Nevertheless, we suggest that researchers begin trials with their end publication in mind. Poor reporting allows authors, intentionally or inadvertently, to escape scrutiny of any weak aspects of their trials. However, with wide adoption of CONSORT by journals and editorial groups, most authors should have to report transparently all important aspects of their trial. The ensuing scrutiny rewards well conducted trials and penalises poorly conducted trials. Thus, investigators should understand the CONSORT 2010 reporting guidelines before starting a trial as a further incentive to design and conduct their trials according to rigorous standards.
CONSORT 2010 supplants the prior version published in 2001. Any support for the earlier version accumulated from journals or editorial groups will automatically extend to this newer version, unless specifically requested otherwise. Journals that do not currently support CONSORT may do so by registering on the CONSORT website. If a journal supports or endorses CONSORT 2010, it should cite one of the original versions of CONSORT 2010, the CONSORT 2010 Explanation and Elaboration, and the CONSORT website in their “Instructions to authors.” We suggest that authors who wish to cite CONSORT should cite this or another of the original journal versions of CONSORT 2010 Statement, and, if appropriate, the CONSORT 2010 Explanation and Elaboration.13
. All CONSORT material can be accessed through the original publishing journals or the CONSORT website. Groups or individuals who desire to translate the CONSORT 2010 Statement into other languages should first consult the CONSORT policy statement on the website.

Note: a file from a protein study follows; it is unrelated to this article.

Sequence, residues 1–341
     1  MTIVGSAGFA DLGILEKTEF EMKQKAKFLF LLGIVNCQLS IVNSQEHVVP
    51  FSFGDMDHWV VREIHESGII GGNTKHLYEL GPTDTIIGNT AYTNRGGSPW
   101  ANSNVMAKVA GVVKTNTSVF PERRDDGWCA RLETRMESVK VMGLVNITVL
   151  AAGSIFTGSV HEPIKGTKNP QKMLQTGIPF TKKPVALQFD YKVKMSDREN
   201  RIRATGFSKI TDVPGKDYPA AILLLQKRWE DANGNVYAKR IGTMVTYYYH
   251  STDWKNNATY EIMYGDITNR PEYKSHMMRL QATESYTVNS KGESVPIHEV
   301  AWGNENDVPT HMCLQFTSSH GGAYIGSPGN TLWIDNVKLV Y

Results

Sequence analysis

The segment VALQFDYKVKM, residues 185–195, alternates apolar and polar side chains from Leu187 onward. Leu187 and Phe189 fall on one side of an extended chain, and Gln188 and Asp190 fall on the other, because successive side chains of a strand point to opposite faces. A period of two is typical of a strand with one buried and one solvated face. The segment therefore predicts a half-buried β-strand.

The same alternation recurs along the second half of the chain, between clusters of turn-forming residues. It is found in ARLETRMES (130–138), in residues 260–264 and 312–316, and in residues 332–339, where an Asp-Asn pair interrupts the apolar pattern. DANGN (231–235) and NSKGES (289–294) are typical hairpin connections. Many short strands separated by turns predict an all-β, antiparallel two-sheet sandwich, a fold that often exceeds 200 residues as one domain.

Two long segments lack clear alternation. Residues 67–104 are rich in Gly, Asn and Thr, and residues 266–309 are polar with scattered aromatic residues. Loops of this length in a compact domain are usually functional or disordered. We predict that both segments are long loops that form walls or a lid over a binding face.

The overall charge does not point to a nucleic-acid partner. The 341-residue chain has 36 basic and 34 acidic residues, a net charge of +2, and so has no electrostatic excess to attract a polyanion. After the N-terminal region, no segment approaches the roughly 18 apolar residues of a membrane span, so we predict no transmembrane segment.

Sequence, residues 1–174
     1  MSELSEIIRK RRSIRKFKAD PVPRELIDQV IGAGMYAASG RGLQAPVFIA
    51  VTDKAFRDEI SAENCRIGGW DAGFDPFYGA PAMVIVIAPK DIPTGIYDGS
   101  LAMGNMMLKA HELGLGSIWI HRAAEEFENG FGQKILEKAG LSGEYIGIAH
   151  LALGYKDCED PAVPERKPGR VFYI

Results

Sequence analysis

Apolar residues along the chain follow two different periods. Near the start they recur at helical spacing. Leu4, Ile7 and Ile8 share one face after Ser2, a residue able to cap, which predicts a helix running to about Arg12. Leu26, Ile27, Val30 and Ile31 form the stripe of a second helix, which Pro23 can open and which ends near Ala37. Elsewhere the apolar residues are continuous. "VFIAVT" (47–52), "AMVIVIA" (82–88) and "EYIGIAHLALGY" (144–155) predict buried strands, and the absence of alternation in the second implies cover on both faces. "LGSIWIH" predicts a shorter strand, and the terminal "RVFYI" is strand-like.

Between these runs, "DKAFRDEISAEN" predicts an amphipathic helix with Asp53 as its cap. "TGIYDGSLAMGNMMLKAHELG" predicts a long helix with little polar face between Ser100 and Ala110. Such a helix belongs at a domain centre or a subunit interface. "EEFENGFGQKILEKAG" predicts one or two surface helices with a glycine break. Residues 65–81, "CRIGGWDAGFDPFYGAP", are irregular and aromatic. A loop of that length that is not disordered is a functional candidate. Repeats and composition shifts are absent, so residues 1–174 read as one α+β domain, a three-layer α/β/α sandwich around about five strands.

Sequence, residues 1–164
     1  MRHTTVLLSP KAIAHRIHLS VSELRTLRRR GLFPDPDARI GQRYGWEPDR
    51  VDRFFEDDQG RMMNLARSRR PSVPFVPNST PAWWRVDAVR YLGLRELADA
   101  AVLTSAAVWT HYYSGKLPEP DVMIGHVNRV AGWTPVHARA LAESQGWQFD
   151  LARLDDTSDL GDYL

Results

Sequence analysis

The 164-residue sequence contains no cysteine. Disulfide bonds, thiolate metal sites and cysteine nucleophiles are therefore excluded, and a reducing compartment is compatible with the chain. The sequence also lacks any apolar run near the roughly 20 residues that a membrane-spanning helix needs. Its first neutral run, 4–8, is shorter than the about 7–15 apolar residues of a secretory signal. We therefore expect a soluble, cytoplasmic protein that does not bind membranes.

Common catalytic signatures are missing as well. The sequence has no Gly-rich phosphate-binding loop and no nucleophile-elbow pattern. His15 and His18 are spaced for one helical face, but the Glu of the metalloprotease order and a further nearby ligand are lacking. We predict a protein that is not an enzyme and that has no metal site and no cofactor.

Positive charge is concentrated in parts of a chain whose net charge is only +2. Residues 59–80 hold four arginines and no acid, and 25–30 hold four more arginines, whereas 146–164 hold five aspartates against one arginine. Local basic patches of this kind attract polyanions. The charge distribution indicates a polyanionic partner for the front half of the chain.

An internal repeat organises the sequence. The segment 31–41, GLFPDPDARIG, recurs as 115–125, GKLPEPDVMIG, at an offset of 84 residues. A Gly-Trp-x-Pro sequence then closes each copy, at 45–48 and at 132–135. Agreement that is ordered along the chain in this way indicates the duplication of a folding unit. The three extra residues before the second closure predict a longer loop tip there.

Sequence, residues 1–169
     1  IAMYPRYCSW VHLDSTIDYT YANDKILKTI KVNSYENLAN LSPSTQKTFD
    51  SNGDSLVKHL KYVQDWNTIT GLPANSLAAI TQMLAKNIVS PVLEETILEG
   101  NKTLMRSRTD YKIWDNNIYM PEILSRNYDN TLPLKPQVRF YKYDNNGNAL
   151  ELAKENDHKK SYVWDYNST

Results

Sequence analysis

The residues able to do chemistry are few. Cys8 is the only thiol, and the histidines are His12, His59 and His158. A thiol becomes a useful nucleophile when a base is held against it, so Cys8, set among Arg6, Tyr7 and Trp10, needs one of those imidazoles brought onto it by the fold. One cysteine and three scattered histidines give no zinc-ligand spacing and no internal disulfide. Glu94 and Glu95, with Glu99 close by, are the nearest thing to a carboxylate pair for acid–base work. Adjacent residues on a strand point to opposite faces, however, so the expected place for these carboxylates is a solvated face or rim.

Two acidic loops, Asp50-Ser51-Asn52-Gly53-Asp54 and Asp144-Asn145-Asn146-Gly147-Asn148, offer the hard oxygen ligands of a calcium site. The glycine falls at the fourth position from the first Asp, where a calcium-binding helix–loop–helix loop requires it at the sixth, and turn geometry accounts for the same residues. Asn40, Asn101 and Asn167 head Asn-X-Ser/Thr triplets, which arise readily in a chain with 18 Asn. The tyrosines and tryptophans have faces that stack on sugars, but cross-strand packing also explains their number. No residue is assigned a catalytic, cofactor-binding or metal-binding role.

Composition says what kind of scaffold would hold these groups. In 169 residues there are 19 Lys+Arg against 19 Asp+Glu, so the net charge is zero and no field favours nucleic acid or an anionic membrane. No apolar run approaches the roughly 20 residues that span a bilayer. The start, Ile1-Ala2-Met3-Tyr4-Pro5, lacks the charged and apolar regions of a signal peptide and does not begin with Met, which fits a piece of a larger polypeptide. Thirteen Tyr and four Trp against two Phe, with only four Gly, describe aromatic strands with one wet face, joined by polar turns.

We emphasise that CONSORT 2010 represents an evolving guideline. It requires perpetual reappraisal and, if necessary, modifications. In the future we will further revise the CONSORT material considering comments, criticisms, experiences, and accumulating new evidence. We invite readers to submit recommendations via the CONSORT website.
Box 1: Noteworthy general changes in CONSORT 2010 Statement
- We simplified and clarified the wording, such as in items 1, 8, 10, 13, 15, 16, 18, 19, and 21
- We improved consistency of style across the items by removing the imperative verbs that were in the 2001 version
- We enhanced specificity of appraisal by breaking some items into sub-items. Many journals expect authors to complete a CONSORT checklist indicating where in the manuscript the items have been addressed. Experience with the checklist noted pragmatic difficulties when an item comprised multiple elements. For example, item 4 addresses eligibility of participants and the settings and locations of data collection. With the 2001 version, an author could provide a page number for that item on the checklist, but might have reported only eligibility in the paper, for example, and not reported the settings and locations. CONSORT 2010 relieves obfuscations and forces authors to provide page numbers in the checklist for both eligibility and settings
Box 2: Noteworthy specific changes in CONSORT 2010 Statement
- Item 1b (title and abstract)—We added a sub-item on providing a structured summary of trial design, methods, results, and conclusions and referenced the CONSORT for abstracts article21
- Item 2b (introduction)—We added a new sub-item (formerly item 5 in CONSORT 2001) on “Specific objectives or hypotheses”
- Item 3a (trial design)—We added a new item including this sub-item to clarify the basic trial design (such as parallel group, crossover, cluster) and the allocation ratio